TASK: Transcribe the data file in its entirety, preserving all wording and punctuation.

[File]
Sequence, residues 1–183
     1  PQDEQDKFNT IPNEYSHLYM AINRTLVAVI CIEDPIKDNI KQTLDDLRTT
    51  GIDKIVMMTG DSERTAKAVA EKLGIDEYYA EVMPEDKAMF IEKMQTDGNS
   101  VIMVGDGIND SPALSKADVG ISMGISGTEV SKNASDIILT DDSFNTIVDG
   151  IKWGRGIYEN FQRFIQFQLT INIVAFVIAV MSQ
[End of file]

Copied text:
Sequence, residues 1–183
     1  PQDEQDKFNT IPNEYSHLYM AINRTLVAVI CIEDPIKDNI KQTLDDLRTT
    51  GIDKIVMMTG DSERTAKAVA EKLGIDEYYA EVMPEDKAMF IEKMQTDGNS
   101  VIMVGDGIND SPALSKADVG ISMGISGTEV SKNASDIILT DDSFNTIVDG
   151  IKWGRGIYEN FQRFIQFQLT INIVAFVIAV MSQ